2. 2. www.samedanltd.com32 the financial commitment to developing an originator large molecule is greater than $800 million,whereas a biosimilar development programme costs approximately $100-200 million. Biosimilar developers and marketers argue that their respective assets offer comparable efficacy and safety to the reference-listed innovator biologic at a relatively reduced cost burden to patients, payers and the overall healthcare system. This value proposition is predicated on health/pharma economic considerations correlating with key regulatory wins and data extrapolation in select global biosimilar scenarios. Player Competition Pharma players have a relatively reduced cost of goods sold for their respective biosimilar assets,compared with innovater reference-listed biologics. As such,from a commercial and marketing standpoint,a significantly competitive field is emerging – both biosimilar versus biosimilar competition and biosimilar versus innovator competition.Developers must assert aggressive and potentially asymmetric marketing,contracting and manufacturing strategies,in addition to tactics and initiatives to win in this emerging space. On top of this,innovator companies must be prepared to aggressively defend their respective proprietary large molecule biologics against impending biosimilars. Irrespective of whether it is a biosimilar or ethical biologic marketer,key success factors (KSFs) must be established to align positive outcomes in light of competing biosimilar entries.The approach to commercial success will vary depending on the product,country and channel sought,both from an offensive – biosimilar go-to-market – and defensive – ethical biopharmaceutical market defence – perspective (see Figure 5). On the Market In the biosimilars space,there is a robust and increasing opportunity for high- quality biopharma players to develop and enter newly charted waters.Between 2016 and 2018,some $37 billion worth of process remains highly similar across most regulated global markets (see Figure 3). Cost Savings Currently,the biosimilar opportunity represents a core,future-orientated growth driver among traditional pharma players,as well as multinational ethical biopharma parties.Citing significantly lower R&D costs,and an expedited clinical development timeline to potential marketability,biosimilar developers are keen to invest heavily in the biosimilarisation of blockbuster large molecule biologics (see Figure 4). The cost savings can be substantial; Proprietarybiologicbrand Approach for commercial success varies significantly by product, country and channel sought Need to focus resources on highest impact areas, given typically lower investments than originator biologic molecules Successful commercial model can range from tender management to a fully branded approach KSFs Country X/Product X Country Y/Product Y Promotional activities (for example, materials, field representatives) Key account management Tender management Market access Medical science liaisons Patient kits/training Key: Not a major KSF Major KSF Figure 3: The value chain journey from biosimilar asset opportunity scouting to go-to-market launch is rigorous and methodical Figure 4: An expedited R&D pathway; biosimilar development juxtaposed with reference biologic development Figure 5: KSFs for commercialisation activities should be employed to maximise biosimilar penetration on a global scope and scale Revenue Source: Molekule Consulting, 2015 Biosimilar 1 2 3 4 5 6 7 8 9 10 11 12 Biosimilar player targets proprietary product for development Reference biologic >$800 million From cell to biosimilar product Biosimilar: $100-200 million Discovery Preclinical Phase 1 Phase 2 Phase 3Dev Dev Preclinical Phase 1 Phase 3 Ethical biological agent’s patent expiry Biosimilar player files regulatory dossiers in support of biosimilar assets Biosimilar competitors launch biosimilar equivalent of branded biologic asset Time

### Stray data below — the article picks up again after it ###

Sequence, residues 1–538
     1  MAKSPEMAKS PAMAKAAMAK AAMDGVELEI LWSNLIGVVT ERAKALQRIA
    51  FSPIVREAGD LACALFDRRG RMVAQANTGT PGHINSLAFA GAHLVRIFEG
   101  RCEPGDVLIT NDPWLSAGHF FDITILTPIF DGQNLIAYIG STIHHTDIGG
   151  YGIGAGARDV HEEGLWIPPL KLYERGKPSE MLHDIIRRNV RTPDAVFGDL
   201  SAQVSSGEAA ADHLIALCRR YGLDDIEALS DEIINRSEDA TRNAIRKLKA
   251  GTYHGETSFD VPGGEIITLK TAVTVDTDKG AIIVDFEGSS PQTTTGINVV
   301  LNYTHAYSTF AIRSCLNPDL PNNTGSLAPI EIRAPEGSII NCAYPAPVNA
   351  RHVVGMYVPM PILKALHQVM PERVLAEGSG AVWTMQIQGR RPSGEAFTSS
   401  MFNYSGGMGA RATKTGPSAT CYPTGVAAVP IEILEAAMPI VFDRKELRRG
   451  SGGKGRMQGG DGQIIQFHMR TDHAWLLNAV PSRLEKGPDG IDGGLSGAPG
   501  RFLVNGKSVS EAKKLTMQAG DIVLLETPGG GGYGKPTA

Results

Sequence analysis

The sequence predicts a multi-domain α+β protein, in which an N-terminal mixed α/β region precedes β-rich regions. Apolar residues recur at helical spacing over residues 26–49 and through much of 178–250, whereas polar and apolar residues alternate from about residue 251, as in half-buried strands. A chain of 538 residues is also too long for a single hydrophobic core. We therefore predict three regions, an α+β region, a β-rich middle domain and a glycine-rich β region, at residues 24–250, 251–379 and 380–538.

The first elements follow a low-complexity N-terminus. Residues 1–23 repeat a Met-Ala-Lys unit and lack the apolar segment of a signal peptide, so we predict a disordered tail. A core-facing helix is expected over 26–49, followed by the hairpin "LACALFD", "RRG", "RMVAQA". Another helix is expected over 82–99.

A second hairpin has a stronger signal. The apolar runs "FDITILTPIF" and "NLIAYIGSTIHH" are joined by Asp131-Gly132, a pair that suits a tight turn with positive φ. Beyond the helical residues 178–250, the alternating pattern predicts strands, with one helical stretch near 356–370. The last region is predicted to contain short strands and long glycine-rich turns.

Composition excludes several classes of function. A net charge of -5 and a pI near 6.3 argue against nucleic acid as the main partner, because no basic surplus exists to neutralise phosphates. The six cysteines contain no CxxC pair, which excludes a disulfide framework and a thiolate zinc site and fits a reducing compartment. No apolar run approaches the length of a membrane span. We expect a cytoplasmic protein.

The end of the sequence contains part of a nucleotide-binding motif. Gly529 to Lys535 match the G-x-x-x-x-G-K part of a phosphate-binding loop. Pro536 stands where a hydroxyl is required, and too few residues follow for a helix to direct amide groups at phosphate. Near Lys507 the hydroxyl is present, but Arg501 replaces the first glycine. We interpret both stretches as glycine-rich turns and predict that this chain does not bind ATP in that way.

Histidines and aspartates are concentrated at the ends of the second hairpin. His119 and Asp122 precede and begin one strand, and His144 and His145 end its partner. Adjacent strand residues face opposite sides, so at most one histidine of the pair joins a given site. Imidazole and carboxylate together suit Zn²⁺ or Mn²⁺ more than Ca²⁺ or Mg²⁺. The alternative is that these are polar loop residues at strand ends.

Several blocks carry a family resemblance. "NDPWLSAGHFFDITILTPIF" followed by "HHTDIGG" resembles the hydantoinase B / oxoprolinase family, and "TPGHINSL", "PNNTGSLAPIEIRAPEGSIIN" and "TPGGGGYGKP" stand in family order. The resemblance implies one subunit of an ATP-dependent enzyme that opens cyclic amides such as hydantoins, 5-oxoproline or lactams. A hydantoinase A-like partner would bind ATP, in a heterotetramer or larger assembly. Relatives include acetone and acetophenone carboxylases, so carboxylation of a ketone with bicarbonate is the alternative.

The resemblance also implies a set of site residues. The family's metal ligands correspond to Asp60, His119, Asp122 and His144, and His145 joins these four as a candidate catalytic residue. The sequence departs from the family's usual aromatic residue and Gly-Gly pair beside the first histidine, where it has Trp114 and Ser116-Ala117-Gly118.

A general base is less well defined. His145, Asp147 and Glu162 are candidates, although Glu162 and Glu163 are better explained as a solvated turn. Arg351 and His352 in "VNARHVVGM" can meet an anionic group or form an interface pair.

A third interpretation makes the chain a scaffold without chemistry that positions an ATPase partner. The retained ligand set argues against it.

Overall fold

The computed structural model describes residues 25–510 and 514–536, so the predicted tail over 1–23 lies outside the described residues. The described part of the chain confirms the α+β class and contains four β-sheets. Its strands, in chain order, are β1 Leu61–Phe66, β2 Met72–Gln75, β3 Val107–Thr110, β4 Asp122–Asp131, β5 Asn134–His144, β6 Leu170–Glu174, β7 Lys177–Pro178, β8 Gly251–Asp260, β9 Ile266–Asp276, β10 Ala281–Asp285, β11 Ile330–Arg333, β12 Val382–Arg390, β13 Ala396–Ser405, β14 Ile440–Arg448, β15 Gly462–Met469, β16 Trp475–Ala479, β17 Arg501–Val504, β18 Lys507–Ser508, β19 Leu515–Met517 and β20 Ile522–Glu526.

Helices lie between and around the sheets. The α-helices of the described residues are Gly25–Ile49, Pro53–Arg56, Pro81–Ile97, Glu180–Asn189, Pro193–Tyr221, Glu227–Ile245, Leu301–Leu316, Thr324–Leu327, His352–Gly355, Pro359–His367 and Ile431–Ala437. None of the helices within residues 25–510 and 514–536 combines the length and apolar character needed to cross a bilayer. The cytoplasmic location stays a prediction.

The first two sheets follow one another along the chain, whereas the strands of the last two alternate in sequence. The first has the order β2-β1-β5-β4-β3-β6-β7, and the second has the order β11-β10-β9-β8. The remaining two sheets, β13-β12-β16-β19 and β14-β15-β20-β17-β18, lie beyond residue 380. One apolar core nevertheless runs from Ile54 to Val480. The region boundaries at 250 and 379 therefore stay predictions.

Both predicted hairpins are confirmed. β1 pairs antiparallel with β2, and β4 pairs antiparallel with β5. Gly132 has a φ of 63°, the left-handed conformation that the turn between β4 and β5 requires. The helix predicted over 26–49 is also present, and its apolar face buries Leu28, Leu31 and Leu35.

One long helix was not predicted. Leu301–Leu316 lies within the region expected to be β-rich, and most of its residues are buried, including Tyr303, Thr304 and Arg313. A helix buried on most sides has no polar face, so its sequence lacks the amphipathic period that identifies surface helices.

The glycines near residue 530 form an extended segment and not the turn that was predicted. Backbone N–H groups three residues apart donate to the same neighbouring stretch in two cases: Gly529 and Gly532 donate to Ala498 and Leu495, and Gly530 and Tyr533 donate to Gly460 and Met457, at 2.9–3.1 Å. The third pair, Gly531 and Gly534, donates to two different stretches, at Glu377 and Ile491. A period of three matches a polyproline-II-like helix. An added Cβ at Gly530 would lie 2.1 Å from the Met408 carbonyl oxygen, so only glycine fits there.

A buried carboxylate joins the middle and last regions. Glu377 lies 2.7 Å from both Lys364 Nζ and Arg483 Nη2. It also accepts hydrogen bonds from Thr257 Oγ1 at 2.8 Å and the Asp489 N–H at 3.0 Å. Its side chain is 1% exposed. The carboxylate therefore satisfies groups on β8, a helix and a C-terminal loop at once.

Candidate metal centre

3. 3. www.samedanltd.com34 Biosimilar players needing to expand and upgrade their technical and manufacturing operations and facilities in order to sufficiently meet market demand and avoid early-stage product stockouts In conclusion,the biosimilar opportunity is robust,growing and sustainable. However,given multiple market factors – including a lack of consumer and prosumer biosimilar knowledge,fierce competition and innovator companies’ desire to defend their proprietary biologic assets – biosimilar market uptake and adoption may be slow and irregular until a critical mass effect is achieved. drugs will lose their intellectual property protection and these assets will be open to immediate biosimilarisation (see Figure 6).Nonetheless,despite these massive potential revenue streams, it is postulated that biosimilars will not achieve a critical mass and market uptake until 2023-2025. In March 2015,Sandoz,the generics and biosimilars arm of Novartis,received FDA regulatory approval for Zarxio,a biosimilar version of Amgen’s Neupogen. However,pursuant to legal proceedings and injunctions filed by Amgen,there was a six-month delay to Zarxio’s US market launch.Four additional regulatory applications have been filed with the FDA this year,indicating the critical pace and strategic importance of biosimilars to the market,as well as their respective developers and marketers. Slow Steps A number of factors,including the Zarxio legal precedent,may temper biosimilar market adoption and growth until a true understanding and prescriber buy-in is achieved.Specifically,market factors impacting and potentially limiting biosimilar adoption include: Patient,physician and payer-level pause and concern regarding switching established biologics patients to biosimilars,with possible substituting and conversion issues Global regulatory uncertainty regarding biosimilar interchangeability Slow response from prescriber and payer-level early adopters for bio-naïve patients Innovator biologics companies aggressively defending their intellectual property and large molecule biologic assets via strategic and tactical blocking and tackling of biosimilars David Alderman is President of Molekule Consulting, a global competitive intelligence-focused management consultancy. Recognised as a biopharma subject-matter expert with an in-depth understanding of biosimilars and generics, as well as multiple disease states, current and future market players, and developmental pipeline compounds, David provides actionable strategic advice to leaders in the sector. He has completed further education in Genetics and Molecular Biology and did his academic and research training at Columbia University College of Physicians and Surgeons, and Emory School of Medicine, US. Email: dalderman@molekuleconsulting.com About the author Figure 6: Estimated sales of products losing US patent protection during the year prior to patent expiry in US $ billions Past Present Forward looking Asset class 2013 2014 2015 2016 2017 2018 Total Biologics 10 7 25 14 3 20 79 Inhalers 0 5 2 7 1 4 19 Injectables 3 3 8 1 5 1 21 Ophthalmics 1 3 1 5 Transmucosals 1 1 2 Topicals 0.5 0.1 0.2 0.1 1 Intranasals 1 0.2 1 Transdermals 1 1 Oral solids 14 16 22 15 11 10 88 Total 29 36 59 37 20 36 217 Binary opportunities Missed opportunities (if not currently invested) Steady opportunities Source: Evaluate, 2013; McKinsey Analysis, 2013 Market value opportunity Low High